Part 4: 100-Yen Shops
I had planned to do a post with more writing tonight, but the metal grater I was using to grate ginger for dinner decided to take off a chunk of the skin on my right thumb right at the knuckle, so tonight’s post will briefer than usual.
The savior of many an expat with college loans, 100-yen shops carry kitchenware, home repair goods, and anything plastic you might need for your home. They are also the source for inexpensive Halloween costumes and decorations: witches’ hats, capes, garlands, gel stickers, figurines, silly string, banners, etc.
I understand why department stores, the food industry, and others would use Halloween as a marketing tool to start campaigns and appeal to seasonal sensibilities and a love for exciting new imported things, but why 100-yen shops? They don’t seem to be up on the latest trends, and they don’t really specialize in Western goods except for Christmas and Valentine’s Day items. Are they just following this trend, or are they getting surplus supplies made in other countries that manufacture Halloween goods for sale in the US and Canada? (This seems somewhat unlikely, but it’s worth considering where this stuff comes from and why it’s so cheap.)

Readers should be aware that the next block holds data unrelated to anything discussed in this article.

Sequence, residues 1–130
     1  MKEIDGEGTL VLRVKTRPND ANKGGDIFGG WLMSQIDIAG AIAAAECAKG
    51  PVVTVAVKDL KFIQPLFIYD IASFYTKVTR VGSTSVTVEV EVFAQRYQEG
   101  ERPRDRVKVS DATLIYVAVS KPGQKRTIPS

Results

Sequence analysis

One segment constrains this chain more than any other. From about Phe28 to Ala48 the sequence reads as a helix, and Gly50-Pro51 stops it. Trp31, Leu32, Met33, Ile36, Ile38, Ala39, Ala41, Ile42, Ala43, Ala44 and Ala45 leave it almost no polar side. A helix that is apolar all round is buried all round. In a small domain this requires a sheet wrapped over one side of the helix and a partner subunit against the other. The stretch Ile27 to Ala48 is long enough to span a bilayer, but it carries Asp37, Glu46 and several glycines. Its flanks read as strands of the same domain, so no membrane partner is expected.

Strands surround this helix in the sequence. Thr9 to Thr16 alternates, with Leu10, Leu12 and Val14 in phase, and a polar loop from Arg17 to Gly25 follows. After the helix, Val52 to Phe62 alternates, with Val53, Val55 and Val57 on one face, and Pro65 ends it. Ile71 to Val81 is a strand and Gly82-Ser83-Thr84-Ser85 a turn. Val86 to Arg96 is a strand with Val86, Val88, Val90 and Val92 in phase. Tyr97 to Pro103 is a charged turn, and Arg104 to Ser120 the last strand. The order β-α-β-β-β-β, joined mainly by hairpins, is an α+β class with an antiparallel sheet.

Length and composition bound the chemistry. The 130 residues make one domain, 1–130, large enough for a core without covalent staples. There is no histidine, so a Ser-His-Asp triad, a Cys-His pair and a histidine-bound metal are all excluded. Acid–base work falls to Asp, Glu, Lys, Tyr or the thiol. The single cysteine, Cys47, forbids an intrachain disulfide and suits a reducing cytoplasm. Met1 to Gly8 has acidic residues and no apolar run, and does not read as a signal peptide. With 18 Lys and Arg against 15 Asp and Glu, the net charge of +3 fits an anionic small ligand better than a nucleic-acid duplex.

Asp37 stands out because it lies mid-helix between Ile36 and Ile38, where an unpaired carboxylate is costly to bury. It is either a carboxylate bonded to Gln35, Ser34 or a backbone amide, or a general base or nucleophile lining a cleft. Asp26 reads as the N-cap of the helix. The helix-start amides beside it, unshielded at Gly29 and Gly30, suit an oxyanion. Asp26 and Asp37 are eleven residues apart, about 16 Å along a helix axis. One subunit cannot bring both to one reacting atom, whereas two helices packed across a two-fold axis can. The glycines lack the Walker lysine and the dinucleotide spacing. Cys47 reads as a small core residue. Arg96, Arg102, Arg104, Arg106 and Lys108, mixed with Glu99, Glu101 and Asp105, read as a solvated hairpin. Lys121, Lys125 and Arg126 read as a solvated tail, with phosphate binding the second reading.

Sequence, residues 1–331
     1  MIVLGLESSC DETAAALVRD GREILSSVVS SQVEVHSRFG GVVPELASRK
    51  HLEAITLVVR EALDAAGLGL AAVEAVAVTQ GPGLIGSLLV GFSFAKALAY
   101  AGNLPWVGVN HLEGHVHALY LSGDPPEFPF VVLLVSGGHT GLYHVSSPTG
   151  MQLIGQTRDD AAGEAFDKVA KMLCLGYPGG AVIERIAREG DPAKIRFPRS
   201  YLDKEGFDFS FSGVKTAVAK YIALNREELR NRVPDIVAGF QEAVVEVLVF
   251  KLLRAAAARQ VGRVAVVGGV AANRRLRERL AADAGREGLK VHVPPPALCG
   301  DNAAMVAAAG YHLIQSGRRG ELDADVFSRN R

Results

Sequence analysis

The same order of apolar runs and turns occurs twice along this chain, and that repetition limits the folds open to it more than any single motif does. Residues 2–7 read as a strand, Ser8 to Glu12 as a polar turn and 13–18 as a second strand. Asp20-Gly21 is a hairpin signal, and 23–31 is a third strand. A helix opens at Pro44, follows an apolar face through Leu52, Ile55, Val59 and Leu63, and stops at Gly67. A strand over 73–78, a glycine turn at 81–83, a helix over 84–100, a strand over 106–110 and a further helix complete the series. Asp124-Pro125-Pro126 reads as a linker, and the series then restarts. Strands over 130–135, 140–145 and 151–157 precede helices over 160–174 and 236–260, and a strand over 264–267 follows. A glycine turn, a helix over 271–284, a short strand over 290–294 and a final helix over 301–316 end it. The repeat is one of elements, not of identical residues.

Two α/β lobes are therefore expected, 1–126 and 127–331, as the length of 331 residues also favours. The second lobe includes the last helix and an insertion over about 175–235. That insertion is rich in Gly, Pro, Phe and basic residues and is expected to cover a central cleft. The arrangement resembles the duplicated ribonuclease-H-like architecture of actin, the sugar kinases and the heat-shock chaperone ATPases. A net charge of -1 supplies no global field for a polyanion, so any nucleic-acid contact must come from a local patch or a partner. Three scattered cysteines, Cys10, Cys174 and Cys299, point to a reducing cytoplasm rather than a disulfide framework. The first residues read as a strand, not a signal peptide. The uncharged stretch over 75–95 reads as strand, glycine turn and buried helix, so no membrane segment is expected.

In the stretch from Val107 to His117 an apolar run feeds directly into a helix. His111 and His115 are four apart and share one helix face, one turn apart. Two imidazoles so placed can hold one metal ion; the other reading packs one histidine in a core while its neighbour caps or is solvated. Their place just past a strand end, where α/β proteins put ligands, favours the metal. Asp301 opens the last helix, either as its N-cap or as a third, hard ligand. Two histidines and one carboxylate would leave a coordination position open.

According to my old JET translation textbook, the business model of 100-yen shops is to have so much stuff on display that you go in for a wine glass and come out with a milk frother, batteries, a non-evil grater, some tumblers for that party you’re throwing Saturday, tin foil…. The bright colors and array of shiny goods set up right in the front of the shop is quite alluring–you go to look at the cute pumpkin items to see if they’re candle-holders or cups and suddenly you’ve dropped 1000 yen on home goods. And a Halloween wreath. For old time’s sake.
Stay tuned for more documenting Halloween in Japan, provided my zombie thumb doesn’t get worse!
More “Documenting Halloween in Japan”